The Biology of Survival
Blavatnik Family Foundation supports fundamental research
At first glance, a hibernating ground squirrel and a person with the flu appear to have little in common. But both are protected by physiological systems that have evolved to help them survive challenging conditions. Evolutionary principles tell us that all living systems—including humans, animals, and plants—allocate their precious resources to promote three major goals: growth, reproduction, and survival. Each of these efforts, driven by fundamental biological processes, is essential for life and the preservation of species. But not all of them are well understood.
“We know a lot about growth and reproduction,” said Ruslan Medzhitov, Sterling Professor of Immunobiology at Yale School of Medicine. “In contrast, we know little about the biology of survival.” To fill this gap, Medzhitov and his research team are working to uncover the mechanisms underlying survival strategies—also known as maintenance programs—an endeavor that will both advance fundamental biology and provide new therapeutic targets to prevent and treat disease.
Recognizing the potential to improve human health on a grand scale, the Blavatnik Family Foundation has donated $5 million to Medzhitov’s research into the biology of survival. The contribution continues an important chapter in philanthropy for medical research at Yale: In 2013, the Blavatnik Family Foundation, led by American industrialist and philanthropist Len Blavatnik, granted Medzhitov and fellow immunobiologist Richard Flavell $10 million to further develop a groundbreaking theory linking inflammation and chronic disease. In 2016, the foundation gave $10 million to establish the Blavatnik Fund for Innovation at Yale, which provides support to expedite the development, application, and commercialization of life science breakthroughs taking place on campus. Last year, the foundation expanded the fund with a $15 million grant.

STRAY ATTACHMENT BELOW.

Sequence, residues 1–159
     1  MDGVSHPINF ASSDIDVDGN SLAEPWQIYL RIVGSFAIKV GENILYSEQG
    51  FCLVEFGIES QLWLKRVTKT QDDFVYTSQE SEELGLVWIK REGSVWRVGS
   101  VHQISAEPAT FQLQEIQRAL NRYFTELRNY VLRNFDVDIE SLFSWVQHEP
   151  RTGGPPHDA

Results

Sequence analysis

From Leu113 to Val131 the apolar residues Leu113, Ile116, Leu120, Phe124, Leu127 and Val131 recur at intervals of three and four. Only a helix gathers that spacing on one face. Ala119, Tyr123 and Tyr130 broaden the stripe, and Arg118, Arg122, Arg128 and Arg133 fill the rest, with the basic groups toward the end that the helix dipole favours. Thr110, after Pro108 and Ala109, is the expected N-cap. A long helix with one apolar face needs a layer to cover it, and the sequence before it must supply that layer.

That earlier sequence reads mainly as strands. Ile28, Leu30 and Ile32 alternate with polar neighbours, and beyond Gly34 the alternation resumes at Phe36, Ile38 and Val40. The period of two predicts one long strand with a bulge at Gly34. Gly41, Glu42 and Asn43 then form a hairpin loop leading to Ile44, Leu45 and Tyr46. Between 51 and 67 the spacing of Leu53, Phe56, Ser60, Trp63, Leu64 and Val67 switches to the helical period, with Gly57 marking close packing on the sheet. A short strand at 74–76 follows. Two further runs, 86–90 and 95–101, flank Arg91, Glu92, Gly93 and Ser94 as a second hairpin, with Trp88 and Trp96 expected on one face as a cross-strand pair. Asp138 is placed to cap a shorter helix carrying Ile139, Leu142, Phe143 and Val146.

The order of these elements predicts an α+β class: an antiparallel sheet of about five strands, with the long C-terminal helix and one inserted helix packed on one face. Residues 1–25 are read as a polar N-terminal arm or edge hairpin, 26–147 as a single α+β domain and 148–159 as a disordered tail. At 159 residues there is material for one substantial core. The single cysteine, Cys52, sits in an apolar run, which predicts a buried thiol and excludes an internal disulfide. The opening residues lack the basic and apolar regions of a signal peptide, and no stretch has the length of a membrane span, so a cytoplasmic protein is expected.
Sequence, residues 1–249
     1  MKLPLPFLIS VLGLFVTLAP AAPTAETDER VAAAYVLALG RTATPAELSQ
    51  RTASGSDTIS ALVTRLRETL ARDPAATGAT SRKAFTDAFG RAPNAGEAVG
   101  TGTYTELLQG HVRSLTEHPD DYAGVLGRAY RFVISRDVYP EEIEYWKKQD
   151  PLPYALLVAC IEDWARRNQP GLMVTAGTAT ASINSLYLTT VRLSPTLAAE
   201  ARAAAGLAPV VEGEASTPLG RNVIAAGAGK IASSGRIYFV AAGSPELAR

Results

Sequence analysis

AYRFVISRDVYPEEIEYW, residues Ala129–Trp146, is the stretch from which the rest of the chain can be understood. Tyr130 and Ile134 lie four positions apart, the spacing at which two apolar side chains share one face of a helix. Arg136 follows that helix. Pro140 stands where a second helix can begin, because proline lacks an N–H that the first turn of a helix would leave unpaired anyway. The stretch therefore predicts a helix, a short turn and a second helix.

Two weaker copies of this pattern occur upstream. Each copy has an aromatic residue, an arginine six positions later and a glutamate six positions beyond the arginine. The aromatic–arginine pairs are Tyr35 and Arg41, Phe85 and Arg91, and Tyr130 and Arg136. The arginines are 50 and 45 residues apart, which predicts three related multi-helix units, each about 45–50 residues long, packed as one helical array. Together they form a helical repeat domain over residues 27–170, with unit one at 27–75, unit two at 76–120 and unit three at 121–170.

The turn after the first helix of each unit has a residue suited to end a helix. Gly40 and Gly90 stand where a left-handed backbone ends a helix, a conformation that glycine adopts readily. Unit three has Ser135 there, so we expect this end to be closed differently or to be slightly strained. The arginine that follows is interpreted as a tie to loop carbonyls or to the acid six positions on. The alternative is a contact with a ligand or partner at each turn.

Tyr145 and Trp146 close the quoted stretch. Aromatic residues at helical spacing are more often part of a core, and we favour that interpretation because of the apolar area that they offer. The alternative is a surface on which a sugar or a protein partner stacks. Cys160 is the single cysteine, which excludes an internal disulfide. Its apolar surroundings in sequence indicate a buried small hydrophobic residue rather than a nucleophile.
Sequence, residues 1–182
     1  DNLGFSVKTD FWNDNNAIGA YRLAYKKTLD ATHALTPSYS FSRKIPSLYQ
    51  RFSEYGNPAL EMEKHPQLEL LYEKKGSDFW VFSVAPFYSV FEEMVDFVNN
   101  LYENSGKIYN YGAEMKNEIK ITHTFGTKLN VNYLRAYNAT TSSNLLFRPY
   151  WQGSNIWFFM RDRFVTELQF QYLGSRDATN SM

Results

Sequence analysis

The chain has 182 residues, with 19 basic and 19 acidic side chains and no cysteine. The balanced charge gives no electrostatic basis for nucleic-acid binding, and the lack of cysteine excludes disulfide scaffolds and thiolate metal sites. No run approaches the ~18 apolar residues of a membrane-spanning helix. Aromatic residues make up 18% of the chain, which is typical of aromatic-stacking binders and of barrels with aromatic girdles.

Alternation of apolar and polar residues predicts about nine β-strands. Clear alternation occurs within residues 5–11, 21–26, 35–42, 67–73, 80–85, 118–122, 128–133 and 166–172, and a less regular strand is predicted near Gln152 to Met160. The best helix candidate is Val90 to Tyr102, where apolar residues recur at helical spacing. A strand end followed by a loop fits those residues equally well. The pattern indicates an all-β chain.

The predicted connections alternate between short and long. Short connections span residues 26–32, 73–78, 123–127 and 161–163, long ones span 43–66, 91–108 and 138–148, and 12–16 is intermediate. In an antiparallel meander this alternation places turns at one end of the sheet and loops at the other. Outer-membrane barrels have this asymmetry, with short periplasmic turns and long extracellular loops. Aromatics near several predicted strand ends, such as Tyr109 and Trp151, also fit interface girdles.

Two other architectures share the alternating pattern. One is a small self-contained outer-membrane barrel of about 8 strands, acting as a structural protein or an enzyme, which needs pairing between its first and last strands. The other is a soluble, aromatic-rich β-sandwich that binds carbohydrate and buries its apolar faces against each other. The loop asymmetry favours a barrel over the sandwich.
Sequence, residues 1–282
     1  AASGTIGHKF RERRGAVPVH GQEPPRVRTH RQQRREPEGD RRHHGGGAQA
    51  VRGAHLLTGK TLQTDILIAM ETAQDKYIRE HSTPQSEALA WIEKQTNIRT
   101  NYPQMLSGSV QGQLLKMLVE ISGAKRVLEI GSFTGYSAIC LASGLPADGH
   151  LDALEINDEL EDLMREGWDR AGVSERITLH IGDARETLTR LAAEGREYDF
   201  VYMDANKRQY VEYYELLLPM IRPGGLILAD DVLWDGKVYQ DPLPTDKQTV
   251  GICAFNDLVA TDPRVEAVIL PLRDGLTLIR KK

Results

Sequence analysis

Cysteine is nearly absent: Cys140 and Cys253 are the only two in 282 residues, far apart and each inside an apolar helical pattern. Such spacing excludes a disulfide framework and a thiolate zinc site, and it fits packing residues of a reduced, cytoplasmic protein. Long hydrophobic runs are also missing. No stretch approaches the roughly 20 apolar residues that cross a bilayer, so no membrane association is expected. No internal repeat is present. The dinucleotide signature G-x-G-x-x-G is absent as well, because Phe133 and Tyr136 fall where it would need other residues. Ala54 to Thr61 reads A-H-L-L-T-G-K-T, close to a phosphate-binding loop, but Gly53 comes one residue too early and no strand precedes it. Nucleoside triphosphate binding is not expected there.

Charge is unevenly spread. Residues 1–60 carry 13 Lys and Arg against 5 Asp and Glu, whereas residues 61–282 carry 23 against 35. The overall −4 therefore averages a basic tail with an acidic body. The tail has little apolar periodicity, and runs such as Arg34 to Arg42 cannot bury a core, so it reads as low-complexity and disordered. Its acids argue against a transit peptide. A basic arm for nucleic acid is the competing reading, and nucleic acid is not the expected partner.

“The Blavatnik Family Foundation has been an enthusiastic and longstanding supporter of science at Yale, and I thank Len Blavatnik for his continued generosity,” said President Peter Salovey ’86 Ph.D. “This latest gift and the important research it enables will advance our knowledge of human biology.” Yale School of Medicine Dean Robert Alpern said, “The generous, farsighted support of the Blavatnik Family Foundation equips our researchers to pursue essential questions and find new strategies for improving human life. I am grateful for the foundation’s many contributions.”
Superpowers for survival
When the surrounding environment is ideal—food and water are plentiful, the temperature is neither too hot nor too cold, there are no harmful pathogens, toxins, or predators—our bodies can put resources toward growth and reproduction. But when the environment becomes unfavorable and we lack necessary nutrients or are faced with threats, maintenance programs take over. Separate from growth and reproduction, but equally as important, maintenance programs conserve or reallocate the body’s resources in order to promote survival.